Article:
Review ~ Common Mistakes at IELTS AdvancedFull title: Common mistakes at IELTS Advanced…and how to avoid them Author: Julie Moore Publisher: Cambridge University Press Review by: Saul Pope Summary: An important component of any advanced IELTS course Review IELTS can be a notoriously tricky course to teach, especially for the more inexperienced teacher. You’re almost guaranteed to have a mixed ability […]
Full title: Common mistakes at IELTS Advanced…and how to avoid them
Author: Julie Moore
Publisher: Cambridge University Press
Review by: Saul Pope
Summary: An important component of any advanced IELTS course
IELTS can be a notoriously tricky course to teach, especially for the more inexperienced teacher. You’re almost guaranteed to have a mixed ability group, students may want to take the exam at different times to one another, and some will simply not be capable of reaching the lofty targets their future place of learning has set them in the time you have. On top of this, it can sometimes be difficult to know what to concentrate upon as spiky profiles are often the order of the day, and, unless you’re an IELTS examiner, it can be tricky to know where students tend to go wrong in these exams. Common mistakes at IELTS Advanced cannot solve all of these problems, but it is very useful in providing a focus on typical mistakes that students make.
The book is split into thirty page-long units, each focusing on a different common mistake made by students in the IELTS exam. This would be good if it were based on the experiences of IELTS speaking and writing examiners, but what makes this text really impressive is that it is based on ‘analysis of thousands of exam scripts at IELTS bands 7 and above’ stored in the Cambridge Learner Corpus. When using the book for the first time in class, I pointed out to my students how the book used this unique source of materials. They were impressed, and immediately motivated to gauge themselves against these typical errors. In a later class, when everyone got all of the ‘common spelling mistakes’ of unit 7 right, there was a real sense of achievement, and a feeling of confidence amongst the students that they were closer to achieving that elusive band 7.5 than they had thought.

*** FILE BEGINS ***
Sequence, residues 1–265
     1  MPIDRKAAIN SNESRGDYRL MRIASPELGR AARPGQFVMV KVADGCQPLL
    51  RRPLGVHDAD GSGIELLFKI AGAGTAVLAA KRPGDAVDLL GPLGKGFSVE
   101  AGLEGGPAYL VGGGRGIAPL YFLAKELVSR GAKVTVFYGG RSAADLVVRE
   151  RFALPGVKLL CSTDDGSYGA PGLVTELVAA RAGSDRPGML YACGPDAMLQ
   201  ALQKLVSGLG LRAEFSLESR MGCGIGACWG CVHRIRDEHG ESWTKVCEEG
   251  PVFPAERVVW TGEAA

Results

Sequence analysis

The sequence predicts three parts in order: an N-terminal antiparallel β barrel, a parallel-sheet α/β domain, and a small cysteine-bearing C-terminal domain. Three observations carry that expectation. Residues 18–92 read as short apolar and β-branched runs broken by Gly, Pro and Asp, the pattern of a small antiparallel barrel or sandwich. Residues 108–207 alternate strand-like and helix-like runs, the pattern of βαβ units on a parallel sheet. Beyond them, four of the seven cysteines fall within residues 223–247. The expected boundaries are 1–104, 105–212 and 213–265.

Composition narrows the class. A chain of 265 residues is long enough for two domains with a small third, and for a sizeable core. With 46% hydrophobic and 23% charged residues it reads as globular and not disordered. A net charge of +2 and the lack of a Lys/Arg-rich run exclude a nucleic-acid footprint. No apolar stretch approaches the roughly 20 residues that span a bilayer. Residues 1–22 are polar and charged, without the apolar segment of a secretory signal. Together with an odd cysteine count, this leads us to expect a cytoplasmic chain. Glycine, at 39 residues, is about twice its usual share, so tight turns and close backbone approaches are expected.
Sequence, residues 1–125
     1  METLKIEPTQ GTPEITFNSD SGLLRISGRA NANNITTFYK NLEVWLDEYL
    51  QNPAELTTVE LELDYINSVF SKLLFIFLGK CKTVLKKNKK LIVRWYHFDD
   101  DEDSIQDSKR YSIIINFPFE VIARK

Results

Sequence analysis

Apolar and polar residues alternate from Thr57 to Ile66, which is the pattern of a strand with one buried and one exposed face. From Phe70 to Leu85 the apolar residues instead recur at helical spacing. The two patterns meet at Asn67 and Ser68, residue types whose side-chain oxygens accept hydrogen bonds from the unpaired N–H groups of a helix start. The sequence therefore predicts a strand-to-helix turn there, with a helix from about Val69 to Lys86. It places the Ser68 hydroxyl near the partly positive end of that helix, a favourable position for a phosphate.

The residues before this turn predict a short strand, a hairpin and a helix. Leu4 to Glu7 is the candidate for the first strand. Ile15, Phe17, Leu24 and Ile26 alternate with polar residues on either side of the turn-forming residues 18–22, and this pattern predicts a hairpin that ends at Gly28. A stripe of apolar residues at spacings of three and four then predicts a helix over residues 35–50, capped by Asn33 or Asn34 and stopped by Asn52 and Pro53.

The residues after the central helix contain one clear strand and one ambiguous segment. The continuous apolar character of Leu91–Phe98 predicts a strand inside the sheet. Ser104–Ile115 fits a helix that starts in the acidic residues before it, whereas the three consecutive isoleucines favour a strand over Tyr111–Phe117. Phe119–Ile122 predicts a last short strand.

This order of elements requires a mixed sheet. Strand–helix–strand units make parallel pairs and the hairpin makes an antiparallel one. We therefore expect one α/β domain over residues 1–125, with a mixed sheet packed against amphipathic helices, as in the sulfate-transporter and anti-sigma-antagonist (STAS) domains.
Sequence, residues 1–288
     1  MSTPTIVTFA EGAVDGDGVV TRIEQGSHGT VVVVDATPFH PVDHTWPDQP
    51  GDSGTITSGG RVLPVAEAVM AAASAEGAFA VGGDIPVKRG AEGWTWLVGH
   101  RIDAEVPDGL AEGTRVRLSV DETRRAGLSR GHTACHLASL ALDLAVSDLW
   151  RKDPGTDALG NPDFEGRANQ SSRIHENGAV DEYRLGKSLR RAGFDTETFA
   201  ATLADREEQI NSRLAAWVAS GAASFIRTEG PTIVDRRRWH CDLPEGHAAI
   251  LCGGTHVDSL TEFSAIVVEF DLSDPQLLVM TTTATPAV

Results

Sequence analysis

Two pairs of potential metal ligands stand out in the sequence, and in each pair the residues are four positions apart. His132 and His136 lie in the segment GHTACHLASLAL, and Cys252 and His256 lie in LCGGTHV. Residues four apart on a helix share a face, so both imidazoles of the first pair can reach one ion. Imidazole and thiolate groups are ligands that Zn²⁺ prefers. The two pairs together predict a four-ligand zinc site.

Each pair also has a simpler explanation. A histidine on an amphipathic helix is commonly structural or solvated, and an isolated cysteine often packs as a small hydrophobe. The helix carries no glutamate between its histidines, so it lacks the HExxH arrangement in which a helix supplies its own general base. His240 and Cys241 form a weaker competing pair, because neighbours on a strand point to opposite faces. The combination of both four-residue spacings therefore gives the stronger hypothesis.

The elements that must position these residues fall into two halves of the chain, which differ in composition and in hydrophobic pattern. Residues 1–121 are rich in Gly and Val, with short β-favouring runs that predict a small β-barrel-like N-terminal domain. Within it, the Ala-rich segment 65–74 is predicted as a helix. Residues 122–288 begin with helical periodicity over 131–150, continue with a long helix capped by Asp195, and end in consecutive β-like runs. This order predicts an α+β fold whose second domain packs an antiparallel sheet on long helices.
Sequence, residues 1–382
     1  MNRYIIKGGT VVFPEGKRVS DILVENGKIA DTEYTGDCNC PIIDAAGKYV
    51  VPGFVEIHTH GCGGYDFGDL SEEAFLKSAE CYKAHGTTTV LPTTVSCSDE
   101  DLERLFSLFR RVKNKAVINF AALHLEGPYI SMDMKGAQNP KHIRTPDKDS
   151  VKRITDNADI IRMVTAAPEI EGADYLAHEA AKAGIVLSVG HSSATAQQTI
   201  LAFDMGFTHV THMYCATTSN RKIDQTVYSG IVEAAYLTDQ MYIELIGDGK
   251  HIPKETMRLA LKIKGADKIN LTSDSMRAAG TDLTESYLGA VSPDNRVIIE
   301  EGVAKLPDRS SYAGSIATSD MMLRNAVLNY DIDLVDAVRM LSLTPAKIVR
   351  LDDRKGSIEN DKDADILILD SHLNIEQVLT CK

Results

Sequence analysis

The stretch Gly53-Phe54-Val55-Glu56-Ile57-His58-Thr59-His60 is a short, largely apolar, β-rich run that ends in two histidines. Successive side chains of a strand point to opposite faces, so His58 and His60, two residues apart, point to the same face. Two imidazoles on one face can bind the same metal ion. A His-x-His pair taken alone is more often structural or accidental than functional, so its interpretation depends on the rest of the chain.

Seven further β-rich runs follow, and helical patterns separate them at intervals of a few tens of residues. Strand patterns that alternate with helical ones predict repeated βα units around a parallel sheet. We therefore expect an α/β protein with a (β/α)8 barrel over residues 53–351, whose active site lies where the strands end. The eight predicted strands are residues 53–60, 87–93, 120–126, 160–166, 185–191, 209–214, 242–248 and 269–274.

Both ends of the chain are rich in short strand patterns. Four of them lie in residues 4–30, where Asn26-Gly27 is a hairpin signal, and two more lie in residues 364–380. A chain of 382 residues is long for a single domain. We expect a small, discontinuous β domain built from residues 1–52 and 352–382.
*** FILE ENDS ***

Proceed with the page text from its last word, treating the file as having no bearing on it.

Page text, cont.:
A wide variety of mistakes is covered in the text, from the perennial problem of when to use the definite and indefinite article to the differences in usage between when, if and whenever. There are also units covering aspects of the language that can also confuse native speakers, like apostrophes or the use of commas with discourse markers, and there are also three units on common errors with describing statistics, which comes up in the first part of the writing exam. Each unit follows the same format, with two similar sentences being compared (one correct and one incorrect) followed by well-explained rules and two exercises to practice these. Each third unit is followed by a revision test, which attempts to mimic the type of questions set in the IELTS reading exam.
The only real weakness of the book is the slightly formulaic approach taken in each unit. The first part works well, with the two similar sentences clearly highlighting the common mistake, but after this the rules are simply listed rather than elicited. The exercises are functional but short; a little more practice would be desirable. Still, these are minor glitches given the overall quality of the text, and easily remedied by the creative practitioner.
On the whole, this is a very useful addition to any higher-level IELTS course. The quantity of data used makes this a reliable and impressive resource, and the simplicity of its design and the fact that it contains an answer key makes it as equally suited to home as to class study.
March 2009 | Filed under Exam Materials
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